The numbers we decided to employ are deliberately rather favourable to Russians, thus making our simulation rather conservative from a Ukrainian defence point of view. We did not try to account for the impact of the air force. The lacklustre performance of the Russian air force in the first month of the invasion, however, makes this issue rather moot.
The chart below demonstrates that it seems unlikely the attacker could break through defensive positions within one week. And while there is a much higher chance of a breakthrough after two or three weeks, it remains a risky enterprise.
In addition, we work with a single axis of attack, and do not account for logistical problems or guerrilla-style raids against logistical convoys. Russia, however, tried to advance along several axes in the actual campaign and did not provide enough troops to secure extended logistical lines, thus making its situation even more problematic.
The graph below, meanwhile, is a visual representation of a logit model based on the simulated data for a three-week-long campaign, using all variables as predictors, and the occurrence of a breakthrough as a dependent variable. The key relationship is clear: the higher the attempted velocity of attack, the lower the chance of a breakthrough. A quick victory is hard to achieve in modern warfare.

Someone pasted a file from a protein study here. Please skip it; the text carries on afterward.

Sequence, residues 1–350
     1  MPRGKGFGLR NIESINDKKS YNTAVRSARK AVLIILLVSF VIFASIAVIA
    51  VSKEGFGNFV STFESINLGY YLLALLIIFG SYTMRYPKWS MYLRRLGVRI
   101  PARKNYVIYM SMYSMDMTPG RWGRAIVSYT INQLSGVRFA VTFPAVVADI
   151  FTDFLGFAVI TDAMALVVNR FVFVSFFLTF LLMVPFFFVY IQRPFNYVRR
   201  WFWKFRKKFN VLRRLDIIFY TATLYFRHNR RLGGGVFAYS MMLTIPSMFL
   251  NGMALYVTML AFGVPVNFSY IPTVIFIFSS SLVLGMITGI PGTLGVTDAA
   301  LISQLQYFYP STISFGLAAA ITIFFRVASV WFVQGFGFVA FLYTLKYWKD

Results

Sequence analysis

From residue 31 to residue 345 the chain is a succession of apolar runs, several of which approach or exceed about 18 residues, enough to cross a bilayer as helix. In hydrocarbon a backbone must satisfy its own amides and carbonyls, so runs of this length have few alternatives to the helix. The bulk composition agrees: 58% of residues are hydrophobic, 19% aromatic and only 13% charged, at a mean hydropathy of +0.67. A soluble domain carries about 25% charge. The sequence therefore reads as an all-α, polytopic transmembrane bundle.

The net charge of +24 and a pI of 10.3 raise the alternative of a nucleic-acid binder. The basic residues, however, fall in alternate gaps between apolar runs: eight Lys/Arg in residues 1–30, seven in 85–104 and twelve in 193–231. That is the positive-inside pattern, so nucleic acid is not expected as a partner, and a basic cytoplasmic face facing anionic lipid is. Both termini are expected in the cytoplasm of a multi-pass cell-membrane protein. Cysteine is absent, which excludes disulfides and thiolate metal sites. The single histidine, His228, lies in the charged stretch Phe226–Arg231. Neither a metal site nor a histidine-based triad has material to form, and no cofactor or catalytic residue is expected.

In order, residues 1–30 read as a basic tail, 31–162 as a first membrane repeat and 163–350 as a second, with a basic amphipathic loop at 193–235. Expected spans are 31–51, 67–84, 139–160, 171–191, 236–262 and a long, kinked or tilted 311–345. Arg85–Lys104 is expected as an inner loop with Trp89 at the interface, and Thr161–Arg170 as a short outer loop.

Russians tried to sprint towards achieving their objectives, assuming that Ukrainians would not fight back. This gave them big territorial gains in the first three days wherever the Ukrainians were unprepared. But once Ukraine established its defence, attempts at quick and massed attacks became counter-productive, if not suicidal.
To some observers (and surely to Putin himself) the slow Russian progress in the past month has been surprising. However, given overconfident Russian tactics and faulty assumptions, the outcome so far fits rather well with the predictions of Biddle's model.